Replies from: Robert_Wiblin
comment by Robert_Wiblin · 2014-12-18T21:55:37.859Z · EA(p) · GW(p)

This is about to change significantly, so I'll get back to you. If the decision is urgent drop me an email an I'll explain the situation!

comment by Peter Wildeford (Peter_Hurford) · 2014-12-14T16:13:43.218Z · EA(p) · GW(p)

I think with some confidence Giving What We Can, Charity Science and GiveWell all dominate giving to, e.g. AMF

What would Giving What We Can do with more funds?

Replies from: Robert_Wiblin
comment by Robert_Wiblin · 2014-12-14T16:54:29.012Z · EA(p) · GW(p)

Michelle can give a more detailed answer, but some combination of:

  • More contact with existing members (now 700 of them) to i) keep them giving for many years ii) encourage them to give more than 10% where practical iii) move more of their donations to our recommended charities.
  • Hire a Research Director who would spend most of their time absorbing and communicating the evidence for our and GiveWell's recommended charities in order to i) drive up membership through talks, media, etc ii) drive more of our members' donations to our top recommended charities.

I describe some of this here: http://effective-altruism.com/r/main/ea/bq/ideas_for_new_experimental_ea_projects_you_could/

We are currently recruiting new members for under £500 each on average. The marginal cost is going to be higher, but my qualitative impression given the methods we are using is that it won't be that much higher.

Replies from: Larks
comment by Larks · 2014-12-19T19:39:05.864Z · EA(p) · GW(p)

Hire a Research Director who would spend most of their time absorbing and communicating the evidence for our and GiveWell's recommended charities in order to i) drive up membership through talks, media, etc ii) drive more of our members' donations to our top recommended charities.

The research director would not actually be directing research into which charity was best?

Replies from: Robert_Wiblin
comment by Robert_Wiblin · 2014-12-23T15:22:59.235Z · EA(p) · GW(p)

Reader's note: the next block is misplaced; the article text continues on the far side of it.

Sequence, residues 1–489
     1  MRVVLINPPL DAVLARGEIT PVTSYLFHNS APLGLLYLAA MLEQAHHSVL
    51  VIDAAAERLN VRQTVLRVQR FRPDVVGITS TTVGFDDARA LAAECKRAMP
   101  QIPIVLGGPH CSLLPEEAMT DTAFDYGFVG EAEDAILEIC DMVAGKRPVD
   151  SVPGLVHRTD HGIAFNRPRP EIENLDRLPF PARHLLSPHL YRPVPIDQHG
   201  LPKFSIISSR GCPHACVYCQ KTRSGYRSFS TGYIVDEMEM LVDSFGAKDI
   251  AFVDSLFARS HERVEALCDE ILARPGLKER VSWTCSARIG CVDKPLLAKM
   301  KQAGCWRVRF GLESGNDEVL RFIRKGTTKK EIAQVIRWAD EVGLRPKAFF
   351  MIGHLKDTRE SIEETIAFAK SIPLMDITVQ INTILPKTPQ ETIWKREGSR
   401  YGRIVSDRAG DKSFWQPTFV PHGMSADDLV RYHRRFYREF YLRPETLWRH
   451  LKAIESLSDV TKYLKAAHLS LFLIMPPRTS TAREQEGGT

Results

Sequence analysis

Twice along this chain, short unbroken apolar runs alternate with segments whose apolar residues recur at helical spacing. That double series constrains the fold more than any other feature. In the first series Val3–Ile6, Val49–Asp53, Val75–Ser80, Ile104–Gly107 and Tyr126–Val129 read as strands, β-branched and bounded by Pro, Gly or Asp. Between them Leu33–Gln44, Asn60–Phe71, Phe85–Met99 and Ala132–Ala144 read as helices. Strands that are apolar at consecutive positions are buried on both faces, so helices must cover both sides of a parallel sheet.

They would be making these decisions but would mostly be relying on primary data collected by others. GiveWell is producing so much information these days that this seems a better way to contribute.

This could be different if we hired someone who was better suited to doing charity evaluations from scratch themselves.

comment by Paul_Crowley · 2014-12-13T07:46:46.056Z · EA(p) · GW(p)

In 2015 I'll be donating 10% of my salary to the Centre for the Study of Existential Risk. CSER is a particularly good giving opportunity right now: with such superb academic bona fides, it has the potential to hugely raise the profile of the study of existential risk and boost the whole field of future-oriented work, so if you are at all moved by the idea of the overwhelming importance of shaping the far future then CSER is well worth considering as a recipient. It's a particularly good cause for me to give to because I'm in the UK, so there are substantial tax advantages.

FHI are also a very appealing cause for UK taxpayers; I've been a donor to them in the past and may shift back to them in the future depending on how each is looking in room for more funding.

comment by Tom_Ash · 2014-12-12T15:15:47.685Z · EA(p) · GW(p)

Great idea for a thread Ben!

The end charity I'd favour is AMF, for the reasons I outlined in my contribution to the "Where I'm Giving And Why" series: it had robust evidence and also came out top in cost-effectiveness estimates. The only issue is that its room for more funding situation still seems complicated. However I'll use some of my donations as matching funds for fundraising that Charity Science does, because this provides leverage and supports experiments to find scalable ways to fundraise for effective charities, which I think are very valuable.

The meta charity that I see as having a proven case for impact (besides Charity Science!) is GiveWell, which has plausibly moved tens of millions of counterfactual dollars. I discussed donating to them a year ago, but I'm not currently clear on whether they'll be short of funds.

Replies from: jayd
comment by jayd · 2014-12-13T10:42:42.661Z · EA(p) · GW(p)

The only issue is that its room for more funding situation still seems complicated.

Does anyone have a summary of this which they can share? GiveWell's leave me confused, and I switched to SCI from AMF this year based on GiveWell's de-recommendation of AMF, and am unsure whether room for more funding provides some reason to stick with SCI.

comment by Pablo (Pablo_Stafforini) · 2014-12-15T04:07:43.427Z · EA(p) · GW(p)

I'm too lazy to write down the reasons, but I just wrote a post listing my recent donations.

(With thanks to Peter Hurford for inspiration.)

comment by Dale · 2014-12-13T01:54:53.237Z · EA(p) · GW(p)

This year, I'm donating to MIRI, essentially because of the classic argument for MIRI. Here is a very short summary:

Even ignoring the risk of UFAI, I think that FAI may be one best ways of preventing run-away value drift from destroying all value in the future.

cross-posted on my blog

edit: minor formatting